Batman Family Review & Spoilers: Batgirl – Endgame #1 By Cameron Stewart & Brenden Fletcher, Bengal; A Hushed Issue From DC Comics?

Batgirl Endgame review spoilers

BATGIRL: ENDGAME Review & Spoilers
“The Battle for the Burnside Bridge” (20 pages)
Story by: Cameron Stewart & Brenden Fletcher
Art by: Bengal
Letters by: Jared K. Fletcher
Cover by: Rafael Albuquerque
Publisher: DC Comics
Cover Price: $2.99

This is the shortest and easiest review I’ve ever done 🙂 Know why? Absolutely no dialogue!! Didn’t see that one coming in the least! Major plus here: this is the same creative team, aside from the artist.

For the first five/six pages, I thought that the art would carry itself and that there’d be at least some captions. NOPE!! These pictures speak at least 10,000 words or more. I now see this as a bit of a challenge. My imagination has to kick in to overdrive to provide a worthy play-by-play.

The bridge leading to Burnside has been barricaded, and for good reason!! Too many Jokerized citizens are eagerly trying to tear it down. The virus has affected 97% of the city’s populace. Standing atop the bridge with binoculars in hand, Batgirl assesses the situation.

A new development has arisen and one that cocks my eyebrow. BG receives a text from
Frankie. In that message, there is a list of VIPs on a school bus that needs to reach the safe zone. The elite individuals are Lucius Fox, his wife Tanya and his daughter Tiffany. What makes me curious is this — does this happen right after Frankie learns of Babs’ secret ID? I would surmise that since she’s feeding intel to BG’s cell.

BG swings into a building that allows her to access a billboard. Once she pulls the switch, disturbing images of the Grinning Ghoul catch the attention of the zombie-like masses. Frankie calls to give an update to the bus’ locale. BG tinkers with her laptop and pinpoints the vehicle’s GPS. Through ‘speech’, Frankie gives a big thumb up (akin to the “like” symbol).

The bus makes it safely across. As BG directs the ‘escapees’, some eagle-eyed infectees take notice. The sane citizens furiously climb the barricade while Batgirl holds the line. BG has rigged some explosives that are set to detonate in less than ten minutes. Complications ensue when little Tiffany Fox is left behind, kneeling atop the bus bawling her eyes out. Things never ever go without a hitch.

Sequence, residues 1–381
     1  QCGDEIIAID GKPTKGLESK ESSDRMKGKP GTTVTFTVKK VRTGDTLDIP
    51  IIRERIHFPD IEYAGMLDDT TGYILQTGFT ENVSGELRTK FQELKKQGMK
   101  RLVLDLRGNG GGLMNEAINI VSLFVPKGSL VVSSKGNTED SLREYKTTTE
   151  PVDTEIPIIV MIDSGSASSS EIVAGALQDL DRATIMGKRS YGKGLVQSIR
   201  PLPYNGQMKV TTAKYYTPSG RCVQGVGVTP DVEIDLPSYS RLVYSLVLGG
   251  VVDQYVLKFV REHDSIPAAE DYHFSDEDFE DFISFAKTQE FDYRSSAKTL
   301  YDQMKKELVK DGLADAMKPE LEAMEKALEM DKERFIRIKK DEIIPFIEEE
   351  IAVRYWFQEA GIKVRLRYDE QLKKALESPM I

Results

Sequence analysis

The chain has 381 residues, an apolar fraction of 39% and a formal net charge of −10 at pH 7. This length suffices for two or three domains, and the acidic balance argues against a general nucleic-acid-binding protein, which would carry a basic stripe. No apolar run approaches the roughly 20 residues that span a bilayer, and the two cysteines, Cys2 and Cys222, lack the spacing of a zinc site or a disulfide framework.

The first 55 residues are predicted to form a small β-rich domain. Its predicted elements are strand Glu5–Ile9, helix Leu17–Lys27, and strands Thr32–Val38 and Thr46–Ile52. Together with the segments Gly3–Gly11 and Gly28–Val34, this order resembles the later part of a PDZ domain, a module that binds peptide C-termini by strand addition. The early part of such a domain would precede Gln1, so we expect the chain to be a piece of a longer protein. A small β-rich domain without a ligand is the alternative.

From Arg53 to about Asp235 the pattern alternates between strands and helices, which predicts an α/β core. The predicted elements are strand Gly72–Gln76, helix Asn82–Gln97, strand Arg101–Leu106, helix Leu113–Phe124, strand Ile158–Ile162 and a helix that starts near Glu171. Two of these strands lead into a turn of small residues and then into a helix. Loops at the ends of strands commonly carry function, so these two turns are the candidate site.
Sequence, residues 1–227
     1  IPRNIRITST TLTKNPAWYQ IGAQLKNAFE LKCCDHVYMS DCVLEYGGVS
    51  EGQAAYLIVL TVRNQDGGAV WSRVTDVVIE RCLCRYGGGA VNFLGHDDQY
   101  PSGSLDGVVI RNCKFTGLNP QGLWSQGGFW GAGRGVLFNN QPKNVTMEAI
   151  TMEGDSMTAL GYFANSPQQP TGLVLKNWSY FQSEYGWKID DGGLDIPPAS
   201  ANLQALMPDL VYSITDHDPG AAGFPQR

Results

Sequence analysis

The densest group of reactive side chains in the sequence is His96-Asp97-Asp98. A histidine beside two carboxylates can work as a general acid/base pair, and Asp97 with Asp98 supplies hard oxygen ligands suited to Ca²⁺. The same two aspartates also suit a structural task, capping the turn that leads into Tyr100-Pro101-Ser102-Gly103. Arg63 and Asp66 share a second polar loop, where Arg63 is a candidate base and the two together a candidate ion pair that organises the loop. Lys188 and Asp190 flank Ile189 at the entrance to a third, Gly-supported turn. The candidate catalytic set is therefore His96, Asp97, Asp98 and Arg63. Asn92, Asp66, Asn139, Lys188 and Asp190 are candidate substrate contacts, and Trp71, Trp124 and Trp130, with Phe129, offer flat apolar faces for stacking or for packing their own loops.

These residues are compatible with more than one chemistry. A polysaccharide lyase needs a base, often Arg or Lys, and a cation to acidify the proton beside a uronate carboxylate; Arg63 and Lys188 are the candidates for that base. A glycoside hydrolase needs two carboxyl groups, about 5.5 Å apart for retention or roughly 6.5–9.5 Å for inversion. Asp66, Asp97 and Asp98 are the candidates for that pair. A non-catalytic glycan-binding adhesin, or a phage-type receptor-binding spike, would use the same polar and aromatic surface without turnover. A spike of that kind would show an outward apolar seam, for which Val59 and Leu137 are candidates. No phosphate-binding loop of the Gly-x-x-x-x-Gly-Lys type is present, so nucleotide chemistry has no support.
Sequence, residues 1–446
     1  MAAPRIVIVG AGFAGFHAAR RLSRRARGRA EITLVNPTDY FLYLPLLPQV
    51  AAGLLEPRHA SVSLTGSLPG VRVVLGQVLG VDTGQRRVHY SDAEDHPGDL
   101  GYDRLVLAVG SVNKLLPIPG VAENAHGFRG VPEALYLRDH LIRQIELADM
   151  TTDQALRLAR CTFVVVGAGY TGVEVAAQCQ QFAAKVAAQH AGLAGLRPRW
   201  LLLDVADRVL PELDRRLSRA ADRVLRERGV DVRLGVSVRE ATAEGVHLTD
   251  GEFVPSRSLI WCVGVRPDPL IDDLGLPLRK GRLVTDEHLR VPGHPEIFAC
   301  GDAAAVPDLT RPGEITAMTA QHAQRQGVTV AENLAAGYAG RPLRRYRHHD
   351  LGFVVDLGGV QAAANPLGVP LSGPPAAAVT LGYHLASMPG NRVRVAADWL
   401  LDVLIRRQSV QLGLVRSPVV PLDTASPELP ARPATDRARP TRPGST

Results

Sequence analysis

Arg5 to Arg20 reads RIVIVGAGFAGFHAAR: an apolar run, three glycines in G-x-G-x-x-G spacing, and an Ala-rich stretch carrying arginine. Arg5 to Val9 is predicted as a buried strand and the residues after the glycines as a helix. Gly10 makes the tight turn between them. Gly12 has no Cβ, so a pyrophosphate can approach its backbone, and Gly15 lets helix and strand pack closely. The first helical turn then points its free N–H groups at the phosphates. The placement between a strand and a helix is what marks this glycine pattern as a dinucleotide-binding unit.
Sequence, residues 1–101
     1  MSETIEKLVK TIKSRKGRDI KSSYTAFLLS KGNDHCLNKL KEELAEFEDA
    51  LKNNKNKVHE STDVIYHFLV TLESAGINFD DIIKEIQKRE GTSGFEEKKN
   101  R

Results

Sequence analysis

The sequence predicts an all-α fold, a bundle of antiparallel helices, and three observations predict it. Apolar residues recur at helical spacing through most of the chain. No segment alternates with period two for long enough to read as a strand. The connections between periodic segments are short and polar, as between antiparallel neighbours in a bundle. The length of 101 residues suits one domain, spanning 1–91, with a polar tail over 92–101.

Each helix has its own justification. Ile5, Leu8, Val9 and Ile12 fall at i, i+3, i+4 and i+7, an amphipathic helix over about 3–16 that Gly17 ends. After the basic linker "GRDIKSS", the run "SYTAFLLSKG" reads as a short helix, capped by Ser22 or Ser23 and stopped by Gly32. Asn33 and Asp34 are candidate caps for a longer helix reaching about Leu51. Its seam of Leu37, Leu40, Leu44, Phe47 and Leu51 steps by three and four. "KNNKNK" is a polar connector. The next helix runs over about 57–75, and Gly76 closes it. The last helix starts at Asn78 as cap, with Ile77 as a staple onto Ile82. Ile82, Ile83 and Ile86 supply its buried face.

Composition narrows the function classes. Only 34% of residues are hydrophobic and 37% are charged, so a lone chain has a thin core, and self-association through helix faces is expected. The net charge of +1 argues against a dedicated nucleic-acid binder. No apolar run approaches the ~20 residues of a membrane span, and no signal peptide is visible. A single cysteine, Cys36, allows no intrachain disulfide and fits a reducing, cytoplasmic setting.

BG flails her arms to get Tiffany’s attention then signals her to keep hush-hush. Lucius and Tanya realize in utter horror that their daughter has been left behind. Tech to the rescue!! BG zooms in on Tiffany, snaps her pic, and sends it to Frankie who in turn gets a phone number. Tiffany picks up the call from Batgirl. BG gestures for Tiffany to put on the fakest smile ever. The distraught girl sends back three sad faces. Eventually, Tiff gets the message (literally!) She makes her way down and walks through the crazies with the most forced smile any individual can put on.

BG puts on her gas mask, steps through, and meets Tiffany halfway. The countdown is imminent. Having no other choice, she brings Tiffany with her into the bus. BG takes control of the wheel. The bus careens off the bridge since BG will not run over anyone, even if that person has been hit with the Endgame virus. I’m pretty sure Tiffany had her heart stuck in her throat. As the bus dives into the river, Batgirl presses a button and her glider wings extend.

Tiffany is delivered safely to her parents. Fire lights the sky. Okay, there is ONE SINGLE WORD is uttered — “Phew”. End of story.

How crazy was this?!? I mean that in the most positive way. It is ultra-rare that a modern-day comic book be a silent one. As I already iterated, I wasn’t expecting this at all. It’s obvious that the intention behind a wordless issue was to render it more effective and focus on the motion. After some contemplation, no conversation is necessary, not even the inner monologue. Action speaks louder than words, in every single panel. *wink*

One can tell a story without resorting to the arrangement of letters. I’m sure it’ll be a long time before something like this is repeated, especially in a mainstream book. I would think this is more characteristic of an independent title. Either way, Mssrs. Stewart and Fletcher: you are quickly becoming a force to be reckoned with in this current age of storytelling.

Bengal captures Batgirl’s determination and drive, the citizens’ scary affliction, and Tiffany’s anguish all so superbly. He is a worthy adjunct to this newer version of the Caped Cutie. His full-page spreads with added panels keep the momentum of this fast-paced story. The best thing drawn — the little image of poop to convey BG’s frustration. Priceless!!

Jared K. Fletcher had very little to do, ironically, but he aced it. His rendition of the text messages is the crucial component in a talk-less tale. This makes complete sense since the information age requires instant access and is an effective communication tool.

More than all my other reviews combined, this was most refreshing. Batgirl is no slouch. This is a modern masterpiece that deserves a plethora of prizes. I give this book two massive happy faces or 9.75 out of 10.

happy faces

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